Because of the large difference in cost between native and hybrid, we recommend hybrid unless there are specific technological reasons that would cause hybrid to perform poorly or compromise the user experience.

What is the reality of low-code or no-code options?

Yes, vendors present low-code platforms as perfect, low cost solutions, yet they are not always “as advertised”. That’s because they are closed ecosystems. By choosing a no-/low-code development option, you become locked into a platform, a platform in which you are entirely dependent on a vendor’s services. The reality is that no-/low-code applications are inflexible and brittle. In the beginning, most features are “out-of-the-box” functional and easily manipulated, like drag and drop. Yet, more complex ideas and features generally cannot be created using these simplified coding tools. This is a trend that tends to stifle teams and necessitating a move towards more custom code. The fact is low-code platforms are extremely basic and not compatible with professional software engineering standards – making their output unsustainable.

Plus, these enterprise low-code platforms aren’t being taught in Computer Science (or Bootcamp) programs, so you run the risk of leaving your developer(s) without a network of resources. Resources they’ll need – in order to learn, add custom features, or in worst case scenarios, rectify issues. It also makes it difficult to hire from a pool of developers familiar with the platform. And if your low-code vendor vanishes tomorrow, you (and your company) could be left out in the cold.

We only recommend low-code solutions for software that performs simple back office functions that are expected to remain simple and non-mission critical, with a small user base under direct control of the organization.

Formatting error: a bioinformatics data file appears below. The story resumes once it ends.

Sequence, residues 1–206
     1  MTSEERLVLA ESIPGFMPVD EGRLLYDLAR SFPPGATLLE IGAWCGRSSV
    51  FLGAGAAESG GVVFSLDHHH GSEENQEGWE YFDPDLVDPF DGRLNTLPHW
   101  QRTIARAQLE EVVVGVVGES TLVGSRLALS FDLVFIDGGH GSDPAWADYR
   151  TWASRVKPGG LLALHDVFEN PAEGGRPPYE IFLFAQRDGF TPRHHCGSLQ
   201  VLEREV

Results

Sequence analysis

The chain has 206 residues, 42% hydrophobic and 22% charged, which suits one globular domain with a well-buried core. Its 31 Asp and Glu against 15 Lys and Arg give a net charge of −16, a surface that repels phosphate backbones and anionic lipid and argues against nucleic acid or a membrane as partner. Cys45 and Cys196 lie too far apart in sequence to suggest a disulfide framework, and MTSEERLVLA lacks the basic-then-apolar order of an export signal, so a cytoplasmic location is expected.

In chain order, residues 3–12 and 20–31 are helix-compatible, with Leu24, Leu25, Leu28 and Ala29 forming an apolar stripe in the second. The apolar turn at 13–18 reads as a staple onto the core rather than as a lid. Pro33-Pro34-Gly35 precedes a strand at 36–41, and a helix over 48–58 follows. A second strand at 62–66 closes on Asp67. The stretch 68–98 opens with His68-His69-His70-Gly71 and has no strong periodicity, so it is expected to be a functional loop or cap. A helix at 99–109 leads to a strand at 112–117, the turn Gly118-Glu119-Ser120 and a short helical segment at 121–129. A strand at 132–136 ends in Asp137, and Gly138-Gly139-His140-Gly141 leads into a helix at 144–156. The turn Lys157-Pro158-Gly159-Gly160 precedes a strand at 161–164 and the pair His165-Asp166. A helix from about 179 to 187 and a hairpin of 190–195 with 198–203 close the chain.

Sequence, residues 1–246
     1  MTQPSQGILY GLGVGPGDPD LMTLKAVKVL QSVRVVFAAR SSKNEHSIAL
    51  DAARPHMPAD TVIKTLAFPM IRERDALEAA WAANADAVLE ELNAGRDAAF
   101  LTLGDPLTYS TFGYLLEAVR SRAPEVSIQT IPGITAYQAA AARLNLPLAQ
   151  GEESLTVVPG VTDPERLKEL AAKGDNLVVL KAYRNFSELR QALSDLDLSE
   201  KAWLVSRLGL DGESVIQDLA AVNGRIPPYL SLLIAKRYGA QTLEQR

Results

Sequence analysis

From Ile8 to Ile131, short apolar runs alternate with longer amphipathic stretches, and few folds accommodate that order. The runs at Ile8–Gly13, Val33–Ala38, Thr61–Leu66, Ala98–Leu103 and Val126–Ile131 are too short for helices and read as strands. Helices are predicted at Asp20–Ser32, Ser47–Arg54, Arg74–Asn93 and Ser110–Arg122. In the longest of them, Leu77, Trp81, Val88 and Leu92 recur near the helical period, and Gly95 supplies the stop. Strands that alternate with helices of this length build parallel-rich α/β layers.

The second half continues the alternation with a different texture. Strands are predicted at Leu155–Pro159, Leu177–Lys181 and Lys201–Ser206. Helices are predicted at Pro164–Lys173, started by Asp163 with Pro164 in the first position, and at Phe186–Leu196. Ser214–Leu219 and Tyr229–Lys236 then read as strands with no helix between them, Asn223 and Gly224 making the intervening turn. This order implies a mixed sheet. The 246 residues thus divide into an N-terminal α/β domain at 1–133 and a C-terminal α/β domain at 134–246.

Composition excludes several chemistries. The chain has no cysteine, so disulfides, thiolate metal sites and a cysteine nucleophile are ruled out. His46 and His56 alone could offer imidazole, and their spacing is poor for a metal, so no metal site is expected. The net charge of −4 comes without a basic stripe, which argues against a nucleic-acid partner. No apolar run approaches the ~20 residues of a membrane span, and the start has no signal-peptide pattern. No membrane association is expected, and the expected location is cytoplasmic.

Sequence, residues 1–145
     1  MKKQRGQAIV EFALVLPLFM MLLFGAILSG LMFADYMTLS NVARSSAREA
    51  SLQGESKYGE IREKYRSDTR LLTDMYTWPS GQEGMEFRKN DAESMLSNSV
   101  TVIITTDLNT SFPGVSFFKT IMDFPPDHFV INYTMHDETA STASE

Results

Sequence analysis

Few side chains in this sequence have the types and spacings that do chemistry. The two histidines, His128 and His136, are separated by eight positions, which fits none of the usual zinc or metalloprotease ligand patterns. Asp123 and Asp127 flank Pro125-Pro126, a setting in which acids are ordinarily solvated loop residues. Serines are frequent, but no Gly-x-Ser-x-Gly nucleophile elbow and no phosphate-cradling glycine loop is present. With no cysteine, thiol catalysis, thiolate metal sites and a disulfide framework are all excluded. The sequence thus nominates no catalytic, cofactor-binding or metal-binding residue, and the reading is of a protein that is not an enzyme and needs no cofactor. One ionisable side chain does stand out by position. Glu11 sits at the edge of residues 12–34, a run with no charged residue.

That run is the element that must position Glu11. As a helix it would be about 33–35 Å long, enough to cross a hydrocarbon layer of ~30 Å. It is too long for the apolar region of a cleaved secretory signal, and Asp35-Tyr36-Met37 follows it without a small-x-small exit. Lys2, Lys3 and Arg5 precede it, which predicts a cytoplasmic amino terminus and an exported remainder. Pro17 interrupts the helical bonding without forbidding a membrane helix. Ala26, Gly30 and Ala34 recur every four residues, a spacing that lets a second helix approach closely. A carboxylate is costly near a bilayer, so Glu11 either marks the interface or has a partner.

This process is nuanced and complex, how can a company ensure momentum and alignment?

It is a lot to consider when evaluating new technology projects as they require process, discipline, and a framework for collaboration. Your organization could be in need of a user interface overhaul, but concurrently you may be adopting a new development methodology, migrating to cloud infrastructure, retiring a legacy system, and on-boarding a large customer. Every organization will differ on how these are related to each other, as well as how they are related to desirable and undesirable outcomes. Keep in mind you may want to use an approach that evaluates developer experience, adaptability, support for integration as well as your long-term goals. In most cases, it comes down to weighing performance vs. cost. With the ever-expanding array of options, it can be challenging to make a firm decision. Consider utilizing a technology consultant, like Rivers Agile, to help you navigate the decision-making process. Reach out to our team of experts today!